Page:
basra women terrorized by new taliban

The Ghosts of Taliban Hover Over Basra Women

Treasure of Baghdad:  It aches me to see one of Iraq’s most famous former cosmopolitan cities falling in the hands of the new Taliban of the era. I have written over and over about how Basra is suffering from the extreme Shiite militias strict rules, yet the city’s transformation is heading from bad to worse.

While women suffer in the date palms-rich city, politicians and government officials are playing a catch-22. Accusations have filled their mouths while actions have no place to be carried out.

After the Christian Science Monitor’s article, and the BBC latest story about how women are abused if found not adhering to strict Islamic rules by the Shiite militias, Reuters broke out a new story in which more than 40 Basra women were killed and tortured simply because they weren’t wearing Hijab. Their bodies were dumped in the full-of-frightened-people streets.

The Basra police chief provided Reuters with the number of the victims. “Some women were killed with their children,” Major-General Abdul-Jalil Khalaf, told Reuters. “One with a six-year-old child, another with an 11-year-old.”

Khalaf’s account came similar to what Um Zainab told the BBC last month about the situation in Basra. “Two days ago two women were killed in al-Makal district. All these incidents are recorded as ‘killers unknown’ and the bodies remain unidentified, because no-one dares collect them. People said the women had received a warning beforehand, and that the gunmen then came to their houses and killed them – one of them in front of her kids.” Um Zainab is a woman from Basra who has experienced fear on first hand experience. Like a lot of women in Iraq, she yearns for the secular days where women were free to wear Hijab or not. “I remember back in the 1970s our teachers used to wear miniskirts and have the latest hair-dos. These are terrible setbacks. We don’t know what they want, or why they want to take us back 14 centuries.”

These criminal incidents have created a huge debate among people of Basra. Muqtada al-Sadr’s officials and leaders of the Mahdi army were the first to deny their involvement in these incidents. Salam al-Maliki, a Sadr official and a former transportation minister, known of his extreme loyalty to Muqtada al-Sadr and his extreme religious rules argued that the police chief should announce the names of the women found dead, al-Arabiya news reported yesterday. He accused the police of “exaggerating the numbers,” saying that his “[Sadr] movement is not responsible for that.” He added that their main goal is “not to kill women, but to stand in the face of occupation.”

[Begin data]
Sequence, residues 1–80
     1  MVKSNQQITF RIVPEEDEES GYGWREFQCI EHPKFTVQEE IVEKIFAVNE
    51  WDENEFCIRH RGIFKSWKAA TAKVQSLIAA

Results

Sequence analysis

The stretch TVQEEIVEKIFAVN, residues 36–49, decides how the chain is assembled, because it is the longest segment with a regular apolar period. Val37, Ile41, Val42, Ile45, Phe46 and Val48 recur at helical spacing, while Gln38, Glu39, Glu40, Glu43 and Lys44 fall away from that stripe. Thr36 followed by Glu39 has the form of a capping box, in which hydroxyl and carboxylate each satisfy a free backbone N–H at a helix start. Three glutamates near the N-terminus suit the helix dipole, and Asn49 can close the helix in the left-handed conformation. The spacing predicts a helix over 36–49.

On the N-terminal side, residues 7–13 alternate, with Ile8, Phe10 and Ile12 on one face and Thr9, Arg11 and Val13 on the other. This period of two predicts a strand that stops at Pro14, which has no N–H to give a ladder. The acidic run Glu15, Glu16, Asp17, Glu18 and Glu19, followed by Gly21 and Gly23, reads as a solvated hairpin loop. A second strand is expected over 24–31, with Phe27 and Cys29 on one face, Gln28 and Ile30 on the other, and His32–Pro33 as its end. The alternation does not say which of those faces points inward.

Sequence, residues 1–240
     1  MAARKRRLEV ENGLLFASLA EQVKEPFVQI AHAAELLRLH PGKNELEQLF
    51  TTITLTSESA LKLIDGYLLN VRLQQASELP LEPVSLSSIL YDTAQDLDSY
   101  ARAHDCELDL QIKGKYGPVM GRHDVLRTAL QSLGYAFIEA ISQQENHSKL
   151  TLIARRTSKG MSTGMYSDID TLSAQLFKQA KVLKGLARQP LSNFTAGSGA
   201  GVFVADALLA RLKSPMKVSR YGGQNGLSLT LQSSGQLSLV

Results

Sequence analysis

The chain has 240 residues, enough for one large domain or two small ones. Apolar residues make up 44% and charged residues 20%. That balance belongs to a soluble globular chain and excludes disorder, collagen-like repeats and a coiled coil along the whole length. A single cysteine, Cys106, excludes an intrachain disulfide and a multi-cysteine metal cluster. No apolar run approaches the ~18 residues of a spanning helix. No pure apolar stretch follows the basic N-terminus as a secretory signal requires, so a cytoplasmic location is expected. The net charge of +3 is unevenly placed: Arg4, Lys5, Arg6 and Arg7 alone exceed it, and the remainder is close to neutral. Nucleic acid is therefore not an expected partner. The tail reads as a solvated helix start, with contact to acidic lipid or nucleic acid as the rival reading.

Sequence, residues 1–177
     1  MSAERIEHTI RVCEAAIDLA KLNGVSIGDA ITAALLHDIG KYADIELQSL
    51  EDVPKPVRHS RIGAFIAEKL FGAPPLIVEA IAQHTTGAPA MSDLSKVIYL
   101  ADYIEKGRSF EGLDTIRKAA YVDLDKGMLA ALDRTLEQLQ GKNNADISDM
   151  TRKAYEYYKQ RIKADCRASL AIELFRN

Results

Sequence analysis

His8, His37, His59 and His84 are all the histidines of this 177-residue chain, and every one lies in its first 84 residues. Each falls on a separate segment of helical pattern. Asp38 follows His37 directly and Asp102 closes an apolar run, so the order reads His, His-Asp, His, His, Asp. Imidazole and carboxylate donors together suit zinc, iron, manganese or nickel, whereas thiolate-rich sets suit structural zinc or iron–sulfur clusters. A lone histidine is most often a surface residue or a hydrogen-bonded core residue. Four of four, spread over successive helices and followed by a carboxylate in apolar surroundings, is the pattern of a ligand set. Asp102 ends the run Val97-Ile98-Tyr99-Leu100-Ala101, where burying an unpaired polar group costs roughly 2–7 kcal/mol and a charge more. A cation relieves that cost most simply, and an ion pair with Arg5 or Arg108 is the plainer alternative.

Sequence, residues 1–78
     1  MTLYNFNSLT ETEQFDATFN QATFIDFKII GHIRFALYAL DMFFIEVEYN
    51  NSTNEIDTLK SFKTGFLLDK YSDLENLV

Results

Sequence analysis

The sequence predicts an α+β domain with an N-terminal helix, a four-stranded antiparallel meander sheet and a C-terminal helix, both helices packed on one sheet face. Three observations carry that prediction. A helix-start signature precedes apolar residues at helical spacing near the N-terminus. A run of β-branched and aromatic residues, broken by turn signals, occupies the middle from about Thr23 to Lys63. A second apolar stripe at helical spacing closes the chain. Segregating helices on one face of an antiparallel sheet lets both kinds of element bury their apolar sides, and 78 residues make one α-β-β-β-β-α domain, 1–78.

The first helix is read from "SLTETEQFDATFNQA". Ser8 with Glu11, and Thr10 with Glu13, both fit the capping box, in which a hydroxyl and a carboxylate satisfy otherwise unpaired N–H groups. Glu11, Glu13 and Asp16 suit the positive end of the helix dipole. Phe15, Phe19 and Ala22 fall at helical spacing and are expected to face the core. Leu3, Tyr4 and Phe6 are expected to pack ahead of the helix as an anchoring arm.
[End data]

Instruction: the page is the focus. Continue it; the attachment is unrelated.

Al-Maliki also said that there are women wearing “unsuitable” outfits in universities including Christian and Muslim women whom they don’t harass or “force to wear Hijab.” Um Zainab thinks the opposite. Her daughter, a college student, told her “that some men [on campus] are watching how women dress and ask them: ‘Why are you wearing a skirt and a shirt?’ One of her friends who doesn’t wear a hijab received a letter threatening her.”

As a response to al-Maliki’s defense of his militia, the Basra police chief told al-Arabiya, “these crimes have not been reported because of the fear of retaliation by the killers.”

In the meantime, British parliamentary report said that British forces have failed to establish security in Basra, Voices of Iraq reported. “The city is dominated by militias and the police force contains (murderous) and (corrupt) elements”, the Monday report added.

Stuck between accusations and no actions, women in Basra need urgent help. On this platform, I call on all humanitarian and women organizations to call for an immediate and urgent action to help women in Basra and Iraq in general from falling victims in the hands of the new Talibans. I lost hope in calling on the Iraqi politicians and the government because they are themselves religious extremists who call on imposing strict rules on men and women’s behavior allover the country.

Finally, I leave you with this report from Aljazeera International TV network. It sums up in pictures and interviews what I have already stated above.

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